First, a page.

Derrek was promising a revolution in curtain hanging, and a demonstration was clearly the only way forward. ‘Blink and you’ll miss it’ he warned the sharks, and although the demonstration wasn’t quite that fast, it was impressively quick. Derrek simply placed a Kwik Hang bracket above a demonstration window frame, gave it a few quick taps with a hammer, and repeated the process on the other side. Just like that, the curtain rod was fixed to the frame, and less than 30 seconds after starting the demonstration, the curtains were in place.
The sharks were impressed at the ease with Kwik Hang could be used, but Derrek wasn’t finished yet. He announced that he would hang two ten pound bags of potatoes from the curtain rod to prove how strong the Kwik Hang bracket was, ‘I do that all the time’ remarked Kevin. ‘No Fuss, no muss, and no plaster dust’ Derrek announced, as he hung the potatoes from the sturdy device with no sign of strain, and with the pitch over he urged the sharks to not leave him hanging, as the window of opportunity was open for them to join the Kwik Hang business.
The pitch had gone well, Derrek’s demonstration had been quick and impressive, and the sharks even forgave him for a couple of bad puns at the end of it. Derrek handed out a few samples in a variety of colors, as Robert Herjavec and Mark Cuban congratulated him on the pitch. Lori Greiner was the first shark to ask a question, she wanted to know if the half-inch hook that held the curtain rod came in more than one size, and Derrek confirmed that the brackets were also available in a one-inch size.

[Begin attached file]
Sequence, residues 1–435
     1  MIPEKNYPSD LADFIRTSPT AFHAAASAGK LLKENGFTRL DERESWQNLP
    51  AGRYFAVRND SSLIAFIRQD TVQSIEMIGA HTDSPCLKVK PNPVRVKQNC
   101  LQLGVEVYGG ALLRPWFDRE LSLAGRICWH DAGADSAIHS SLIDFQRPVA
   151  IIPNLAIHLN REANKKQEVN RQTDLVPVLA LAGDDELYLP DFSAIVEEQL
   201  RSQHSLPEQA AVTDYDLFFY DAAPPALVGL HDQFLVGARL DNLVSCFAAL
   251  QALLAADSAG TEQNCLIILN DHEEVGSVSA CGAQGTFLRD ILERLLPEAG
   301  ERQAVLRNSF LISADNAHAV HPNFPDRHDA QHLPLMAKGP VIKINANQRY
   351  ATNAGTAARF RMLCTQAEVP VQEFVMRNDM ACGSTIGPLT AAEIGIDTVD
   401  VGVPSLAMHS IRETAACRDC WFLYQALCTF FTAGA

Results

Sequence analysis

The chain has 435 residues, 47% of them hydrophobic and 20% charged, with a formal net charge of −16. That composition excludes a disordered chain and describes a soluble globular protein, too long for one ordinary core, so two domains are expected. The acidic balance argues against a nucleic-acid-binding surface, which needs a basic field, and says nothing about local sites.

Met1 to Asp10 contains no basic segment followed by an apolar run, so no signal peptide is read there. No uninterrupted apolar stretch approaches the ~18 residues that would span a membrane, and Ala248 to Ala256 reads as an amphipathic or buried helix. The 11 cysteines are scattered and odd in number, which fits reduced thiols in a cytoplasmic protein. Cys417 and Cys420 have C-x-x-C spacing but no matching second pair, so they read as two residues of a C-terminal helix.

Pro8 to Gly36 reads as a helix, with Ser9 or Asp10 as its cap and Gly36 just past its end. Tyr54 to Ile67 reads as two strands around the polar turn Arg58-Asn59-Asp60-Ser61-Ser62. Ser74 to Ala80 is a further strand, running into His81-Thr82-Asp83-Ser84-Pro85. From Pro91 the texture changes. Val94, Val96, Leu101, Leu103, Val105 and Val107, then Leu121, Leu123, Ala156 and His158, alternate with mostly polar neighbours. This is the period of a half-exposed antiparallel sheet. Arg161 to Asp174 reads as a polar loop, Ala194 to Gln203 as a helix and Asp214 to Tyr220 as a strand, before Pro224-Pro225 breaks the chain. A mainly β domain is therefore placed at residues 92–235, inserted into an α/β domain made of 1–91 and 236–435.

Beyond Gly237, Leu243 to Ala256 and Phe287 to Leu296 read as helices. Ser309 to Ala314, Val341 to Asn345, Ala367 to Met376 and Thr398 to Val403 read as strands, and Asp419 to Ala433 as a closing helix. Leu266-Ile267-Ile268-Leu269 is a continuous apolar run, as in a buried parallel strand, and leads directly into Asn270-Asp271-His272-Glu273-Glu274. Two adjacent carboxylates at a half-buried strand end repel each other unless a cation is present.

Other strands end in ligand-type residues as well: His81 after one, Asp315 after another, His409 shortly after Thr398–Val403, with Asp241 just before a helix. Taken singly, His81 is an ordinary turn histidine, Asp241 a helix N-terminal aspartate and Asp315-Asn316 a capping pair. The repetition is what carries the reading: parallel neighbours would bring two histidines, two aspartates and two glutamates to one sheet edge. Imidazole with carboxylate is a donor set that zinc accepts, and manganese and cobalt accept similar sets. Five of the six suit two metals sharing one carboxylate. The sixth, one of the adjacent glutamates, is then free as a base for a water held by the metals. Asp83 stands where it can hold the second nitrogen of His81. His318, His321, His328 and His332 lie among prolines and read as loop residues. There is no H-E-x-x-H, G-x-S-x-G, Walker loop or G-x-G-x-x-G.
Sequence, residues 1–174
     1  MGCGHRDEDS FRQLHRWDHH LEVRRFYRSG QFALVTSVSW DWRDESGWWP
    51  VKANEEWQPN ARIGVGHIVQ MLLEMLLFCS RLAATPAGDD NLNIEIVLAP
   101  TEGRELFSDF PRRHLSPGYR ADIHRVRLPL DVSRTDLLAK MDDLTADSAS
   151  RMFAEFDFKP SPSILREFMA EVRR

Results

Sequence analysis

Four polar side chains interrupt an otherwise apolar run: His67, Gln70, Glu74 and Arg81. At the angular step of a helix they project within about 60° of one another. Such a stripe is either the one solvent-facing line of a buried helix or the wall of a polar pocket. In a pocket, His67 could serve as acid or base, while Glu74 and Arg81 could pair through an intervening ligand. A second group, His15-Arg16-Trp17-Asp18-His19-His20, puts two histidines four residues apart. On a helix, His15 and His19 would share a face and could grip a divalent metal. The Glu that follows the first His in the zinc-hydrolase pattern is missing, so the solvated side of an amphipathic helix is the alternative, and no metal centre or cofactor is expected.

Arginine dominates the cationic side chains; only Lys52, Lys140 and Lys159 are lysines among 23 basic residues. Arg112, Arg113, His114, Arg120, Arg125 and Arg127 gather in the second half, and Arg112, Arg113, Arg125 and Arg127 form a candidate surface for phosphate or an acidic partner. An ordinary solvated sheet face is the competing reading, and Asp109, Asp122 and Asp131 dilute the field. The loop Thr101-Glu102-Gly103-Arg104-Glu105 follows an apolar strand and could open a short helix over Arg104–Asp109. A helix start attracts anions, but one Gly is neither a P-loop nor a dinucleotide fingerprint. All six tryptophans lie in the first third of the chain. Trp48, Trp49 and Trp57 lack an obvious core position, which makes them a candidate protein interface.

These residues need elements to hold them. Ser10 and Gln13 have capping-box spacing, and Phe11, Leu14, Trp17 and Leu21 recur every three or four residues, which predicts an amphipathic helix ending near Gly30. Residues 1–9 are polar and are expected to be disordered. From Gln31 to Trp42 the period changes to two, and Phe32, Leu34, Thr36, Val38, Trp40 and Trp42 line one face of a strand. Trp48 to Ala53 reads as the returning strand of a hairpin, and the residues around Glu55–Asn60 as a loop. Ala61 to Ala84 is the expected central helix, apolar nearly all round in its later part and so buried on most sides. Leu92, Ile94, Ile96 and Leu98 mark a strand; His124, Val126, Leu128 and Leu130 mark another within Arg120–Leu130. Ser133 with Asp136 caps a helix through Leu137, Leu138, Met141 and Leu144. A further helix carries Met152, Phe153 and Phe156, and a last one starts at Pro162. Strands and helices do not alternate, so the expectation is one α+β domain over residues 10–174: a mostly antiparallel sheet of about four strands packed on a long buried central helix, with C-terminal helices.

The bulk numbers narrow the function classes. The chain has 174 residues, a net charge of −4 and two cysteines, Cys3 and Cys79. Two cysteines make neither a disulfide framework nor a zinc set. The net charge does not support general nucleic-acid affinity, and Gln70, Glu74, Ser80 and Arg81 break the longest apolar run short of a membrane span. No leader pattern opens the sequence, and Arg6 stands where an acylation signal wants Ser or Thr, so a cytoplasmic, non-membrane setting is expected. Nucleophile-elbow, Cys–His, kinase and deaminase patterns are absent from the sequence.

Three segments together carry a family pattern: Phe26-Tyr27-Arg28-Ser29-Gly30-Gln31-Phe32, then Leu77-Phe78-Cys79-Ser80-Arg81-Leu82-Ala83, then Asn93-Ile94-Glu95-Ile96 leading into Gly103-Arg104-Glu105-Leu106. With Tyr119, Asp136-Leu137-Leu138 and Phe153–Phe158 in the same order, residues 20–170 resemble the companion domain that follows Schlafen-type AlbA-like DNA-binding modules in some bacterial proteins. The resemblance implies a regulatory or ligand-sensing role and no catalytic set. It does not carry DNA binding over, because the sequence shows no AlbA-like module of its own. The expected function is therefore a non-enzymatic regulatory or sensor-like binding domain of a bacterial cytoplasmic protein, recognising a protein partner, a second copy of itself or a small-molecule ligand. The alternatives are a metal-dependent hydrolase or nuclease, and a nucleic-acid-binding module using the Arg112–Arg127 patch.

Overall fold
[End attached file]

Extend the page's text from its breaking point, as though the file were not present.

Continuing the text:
Lori, perhaps unsurprisingly considering her QVC experience, knew a lot about curtain rings, and she asked why Derrek wasn’t supplying brackets in sizes larger than one inch. Derrek explained that his father had started the company, and had started with ‘What the customers wanted’. Lori asked why a one and a half inch bracket couldn’t be produced, and Derrek told her that it was possible to produce a larger bracket, but due to the expensive tooling costs involved, he had not ‘got there’ yet. Derrek elaborated on the history of Kwik Hang, he explained about his father’s background in the jewelry business, and that he had passed away recently. It was clear that the company was more than just work to the entrepreneur, he was also heavily emotionally invested in what he saw as his father’s legacy.